Australia’s Jessica Anne Newman, better known as Betty Who, is among the most effervescent artists you’ll ever meet. Her new song, “Some Kinda Wonderful,” came out Friday, and — as she explains in this interview — is absolutely insane. She also opens up about protesting Donald Trump and touring with Katy Perry.
FAULT: How did you come up with your stage name?
Betty Who: There was a kid I went to high school with who always called me “toots” because he was super-old school, and I thought it was like the cutest thing in the entire world. He would also say about women, “Oh, she’s such a Betty.”
You know that scene in Clueless where Cher walks past the painting of her mother and she’s like, “Wasn’t she a total Betty?”?
I loved that — that kind of colloquial term for a woman really stands out to me as representing a woman, not like a chick or a girl.
And I kind of felt like I was deciding who I wanted to be, which was where the “Who” came from.
FAULT: How did you get your start in music?
Betty Who: I’ve been a musician all my life. I started playing cello when I was four years old, and I studied it until I was 18; I went to performing arts high school for it. And then after school, I went to college for singing and songwriting, which is the first time I actually had studied singing (like, really?). When I went to Berklee, about a year in I started making music with producer Peter [Thomas], who has been my producer now ever since then. So since I was 19, pretty much, I’ve been making music with this boy.
FAULT: It’s pretty clear based on your Twitter that you’re not a fan of Donald Trump. What do we do about him at this point? As regular people, what’s the best way for us to carry on?
Betty Who: Jesus … [laughs] … I have absolutely no idea, and I don’t think anybody does. I think that’s what the scariest part is about it. My godmother is a 66-year-old woman. Her boyfriend before her husband was a Black Panther. She was from Berkley, California, and she’s like an original hippie. So when we went to the Women’s March together, she was of the generation of: I can’t believe we’re still protesting this shit. We did this before, and we did it so our kids wouldn’t have to. And here we are, doing it again.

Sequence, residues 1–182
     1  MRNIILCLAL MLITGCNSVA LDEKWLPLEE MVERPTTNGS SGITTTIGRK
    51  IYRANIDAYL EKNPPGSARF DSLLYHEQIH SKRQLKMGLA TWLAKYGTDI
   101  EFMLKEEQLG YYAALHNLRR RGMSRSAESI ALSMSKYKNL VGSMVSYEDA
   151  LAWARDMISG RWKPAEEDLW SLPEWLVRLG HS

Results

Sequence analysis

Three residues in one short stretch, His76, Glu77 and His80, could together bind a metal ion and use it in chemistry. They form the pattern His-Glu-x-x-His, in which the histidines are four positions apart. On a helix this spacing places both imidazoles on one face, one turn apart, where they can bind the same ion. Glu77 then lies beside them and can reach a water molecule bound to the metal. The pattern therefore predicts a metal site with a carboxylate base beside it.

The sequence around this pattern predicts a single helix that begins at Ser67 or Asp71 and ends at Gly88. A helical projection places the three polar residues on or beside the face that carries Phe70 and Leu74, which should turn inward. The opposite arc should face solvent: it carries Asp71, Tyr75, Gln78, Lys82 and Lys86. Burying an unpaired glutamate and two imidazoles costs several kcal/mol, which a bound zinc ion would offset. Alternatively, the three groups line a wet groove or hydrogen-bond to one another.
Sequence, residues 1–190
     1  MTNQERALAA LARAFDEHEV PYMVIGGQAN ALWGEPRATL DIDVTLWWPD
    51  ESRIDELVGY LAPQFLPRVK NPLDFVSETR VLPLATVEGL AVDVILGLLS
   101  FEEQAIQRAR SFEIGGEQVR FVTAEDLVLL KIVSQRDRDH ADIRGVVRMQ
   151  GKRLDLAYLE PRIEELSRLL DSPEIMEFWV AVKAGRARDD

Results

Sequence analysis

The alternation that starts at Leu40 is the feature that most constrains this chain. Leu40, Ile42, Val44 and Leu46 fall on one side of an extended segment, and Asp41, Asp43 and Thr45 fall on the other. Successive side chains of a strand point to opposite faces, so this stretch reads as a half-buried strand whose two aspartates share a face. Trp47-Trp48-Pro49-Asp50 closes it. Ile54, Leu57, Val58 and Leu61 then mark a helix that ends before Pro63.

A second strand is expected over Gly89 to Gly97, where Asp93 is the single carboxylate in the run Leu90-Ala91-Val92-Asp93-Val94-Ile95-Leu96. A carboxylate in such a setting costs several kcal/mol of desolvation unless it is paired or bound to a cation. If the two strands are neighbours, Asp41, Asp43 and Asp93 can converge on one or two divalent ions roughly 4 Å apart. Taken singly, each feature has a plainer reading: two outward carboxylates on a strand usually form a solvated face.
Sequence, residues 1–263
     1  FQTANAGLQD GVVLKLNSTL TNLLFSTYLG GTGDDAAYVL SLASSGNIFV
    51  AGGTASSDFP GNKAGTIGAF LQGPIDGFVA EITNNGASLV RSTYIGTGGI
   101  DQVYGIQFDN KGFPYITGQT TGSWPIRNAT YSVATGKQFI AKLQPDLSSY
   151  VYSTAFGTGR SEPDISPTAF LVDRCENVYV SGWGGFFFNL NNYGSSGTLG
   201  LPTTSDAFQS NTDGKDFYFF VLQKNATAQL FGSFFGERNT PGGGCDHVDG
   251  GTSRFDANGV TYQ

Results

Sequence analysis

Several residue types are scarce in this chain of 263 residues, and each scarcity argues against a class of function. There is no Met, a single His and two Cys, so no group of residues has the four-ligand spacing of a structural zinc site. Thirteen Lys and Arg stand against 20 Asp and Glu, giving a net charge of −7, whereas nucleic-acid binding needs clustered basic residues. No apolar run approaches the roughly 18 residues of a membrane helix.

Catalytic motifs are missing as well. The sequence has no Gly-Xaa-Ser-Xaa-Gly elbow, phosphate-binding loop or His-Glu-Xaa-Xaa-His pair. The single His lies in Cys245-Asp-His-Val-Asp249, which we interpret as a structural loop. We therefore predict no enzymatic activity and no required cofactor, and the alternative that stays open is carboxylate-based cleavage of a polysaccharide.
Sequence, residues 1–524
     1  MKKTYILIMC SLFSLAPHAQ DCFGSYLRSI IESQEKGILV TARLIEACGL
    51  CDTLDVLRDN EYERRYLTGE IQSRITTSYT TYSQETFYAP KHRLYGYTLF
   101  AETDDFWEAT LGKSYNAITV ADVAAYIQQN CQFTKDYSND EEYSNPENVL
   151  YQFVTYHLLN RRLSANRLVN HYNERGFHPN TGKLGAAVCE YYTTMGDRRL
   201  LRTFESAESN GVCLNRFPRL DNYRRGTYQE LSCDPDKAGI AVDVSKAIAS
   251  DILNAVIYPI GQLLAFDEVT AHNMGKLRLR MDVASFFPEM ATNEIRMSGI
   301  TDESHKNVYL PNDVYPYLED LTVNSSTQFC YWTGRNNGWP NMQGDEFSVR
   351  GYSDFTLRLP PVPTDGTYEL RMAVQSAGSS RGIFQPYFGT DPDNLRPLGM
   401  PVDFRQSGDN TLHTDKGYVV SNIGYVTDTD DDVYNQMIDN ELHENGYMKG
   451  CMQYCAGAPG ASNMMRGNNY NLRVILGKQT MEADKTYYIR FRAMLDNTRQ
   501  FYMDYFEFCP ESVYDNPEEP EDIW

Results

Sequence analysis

I think hearing her talk about it, you never know what to do about a narcissistic dictator except for try to make your voice heard and stand up and say, “No, this is absolutely 100 percent not acceptable, and I put my weight behind that belief,” as opposed to not saying anything and just waiting it out.
I think there’s a lot of that right now, particularly in the cities. Between New York and L.A., there’s so much movement and dedication to standing up for what we believe is right. But I think there’s a whole lot of the country that also believes what Donald Trump is doing is right. And I think that divide is really apparent given the fact that he won the presidency. So it’s a really scary time to be neighbors with some of the people.
You go: How can you feel this way?
And they go: How can you feel that way?
And you go: Oh, we really just don’t agree.
It’s really interesting, and it’s really a strange time to be alive. I’m quite shocked, and my heart is just constantly broken by the things I hear about that his administration has already done in such a short period of time.
FAULT: On a lighter note, what was it like supporting Katy Perry?